A startling splotch of vivid crimson growing on the substrate was what first caught the eye of Peruvian marine zoologist Yuri Hooker in 2002 while he was diving in the relatively unexplored waters of the Peruvian Pacific. Not a sponge, which Hooker collects from time to time, the colorful organism turned out to be a gorgonian coral, but not one he could identify.
Now a team from the Smithsonian Tropical Research Institute (STRI) and the University of Costa Rica have collected the species again and have described as Psammogorgia hookeri in a new report published in the Journal of the Marine Biological Association in the UK.
“This new species may be found nowhere else in the world,” said Hector Guzman, marine biologist and soft-coral expert at STRI. “But coral reefs and coral communities in Peru have never been systematically studied. We expect more surprises as we look at new collections.”
The new coral was collected by scuba divers from rocky ledges at depths to 25 meters (approximately 80 feet) in Peru’s Paracas National Reserve on South America’s sparsely inhabited west coast. The corals’ hand-sized colonies are slightly smaller than the colonies of their closest relative in the genus Psammogorgia, part of the huge family Plexauridae that includes many genera of branching colonial octocorals.
The researchers and Odalisca Breedy, lead author of the report, named the coral in honor of Dr. Hooker, currently a biologist and naturalist at the Cayetano Heredia Peruvian University in Lima, Peru.
This new species was identified based on colony characteristics and examinations of the coral using both light and scanning-electron microscopy. Breedy and Guzman compared the new samples with specimens at Peru’s Ocean Institute, IMARPE and at the Yale Peabody Museum of Natural History. Most of the museum specimens were more than 90 years old because no one has collected in this area in recent times.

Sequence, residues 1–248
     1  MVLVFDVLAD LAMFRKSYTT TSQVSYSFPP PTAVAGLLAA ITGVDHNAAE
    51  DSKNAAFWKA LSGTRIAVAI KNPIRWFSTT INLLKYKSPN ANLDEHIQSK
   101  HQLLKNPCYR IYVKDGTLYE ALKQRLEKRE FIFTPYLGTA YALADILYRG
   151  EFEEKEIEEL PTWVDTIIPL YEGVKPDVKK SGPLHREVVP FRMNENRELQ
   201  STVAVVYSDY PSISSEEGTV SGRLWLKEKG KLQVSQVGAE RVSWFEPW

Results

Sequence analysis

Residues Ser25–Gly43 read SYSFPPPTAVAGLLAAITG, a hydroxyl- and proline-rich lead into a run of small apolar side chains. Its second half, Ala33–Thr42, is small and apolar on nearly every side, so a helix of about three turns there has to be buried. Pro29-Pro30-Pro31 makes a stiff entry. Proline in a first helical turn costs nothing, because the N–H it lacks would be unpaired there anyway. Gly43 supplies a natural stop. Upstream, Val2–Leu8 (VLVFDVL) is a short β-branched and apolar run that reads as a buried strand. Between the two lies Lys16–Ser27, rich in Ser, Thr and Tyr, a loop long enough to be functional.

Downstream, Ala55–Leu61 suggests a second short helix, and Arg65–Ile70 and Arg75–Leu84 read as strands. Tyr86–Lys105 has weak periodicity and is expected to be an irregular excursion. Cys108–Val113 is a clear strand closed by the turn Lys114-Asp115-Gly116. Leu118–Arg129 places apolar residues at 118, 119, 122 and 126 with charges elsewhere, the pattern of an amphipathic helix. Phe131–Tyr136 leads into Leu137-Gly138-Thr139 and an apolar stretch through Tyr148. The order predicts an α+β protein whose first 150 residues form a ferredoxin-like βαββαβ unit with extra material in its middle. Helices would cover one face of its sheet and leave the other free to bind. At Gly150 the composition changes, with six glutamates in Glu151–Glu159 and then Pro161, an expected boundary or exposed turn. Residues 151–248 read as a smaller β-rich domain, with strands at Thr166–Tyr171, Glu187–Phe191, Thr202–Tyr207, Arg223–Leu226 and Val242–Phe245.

“With logistical support from the Peruvian National Protected Areas Service, we’re beginning to discover the amazing biodiversity of corals and marine invertebrates in the Peruvian Pacific,” said Hooker. “It’s mostly a matter of looking in the right places and inviting experts who can identify these relatively unknown and unstudied creatures.”
In an interview with Clarice Brough of Animal World, Dr. Hooker said that aquarists should not expect to see this coral anytime soon.
“Interestingly, this soft coral has been seen attached to mussel shells in local fish markets!” Brough reports. “However its availability for the reef aquarium is pretty slim right now, as finding Psammogorgia hookeri specimens in fish stores or online is difficult, if not impossible.” Some fellow members of the family are known to be photosynthetic and are sold in the aquarium trade as sea rods, sea plumes, and sea fans.
Dr. Hooker and the research team say that, “This new species underscores the importance of Peru’s still largely unexplored marine protected areas,” with some 25 new species of Pacific Ocean soft corals.
Odalisca Breedy, Hector M. Guzman. A new species of alcyonacean octocoral from the Peruvian zoogeographic region. Journal of the Marine Biological Association of the United Kingdom, 2014; 1 DOI: 10.1017/S0025315413001835
All Images: Dr. Yuri Hooker
From materials released by the Smithsonian Tropical Research Institute.
Brilliant New Soft Coral Species Discovered, Psammogorgia hookeri, Clarice Brough, Animal World Blog
The first record of the plexaurid genus Psammogorgia from the shallow waters of Peru is reported here. A new species (Psammogorgia hookeri sp. nov.) is described from Isla San Gallán, Paracas National Reserve. The new species was morphologically analysed using light microscopy and scanning electron microscopy. It is distinguished from the others in the genus by its small size; prominent calyces with wide lips around polyp apertures and without a special type of sclerites, but with a concentration of irregular, thorny spindles and wart-clubs around the calyx rim; coenenchymal sclerites that do not reach more than 0.2 mm long; the occurrence of conspicuous star-like radiates; and the colour of the colony and coenenchymal sclerites, which is coral red. The results increase species richness within a genus that has not been studied for more than a century, and contribute to the establishment of characters for further morphological studies. Additionally, the new species adds value to existing protected areas and to the octocoral biodiversity records for the Peruvian region and the eastern Pacific.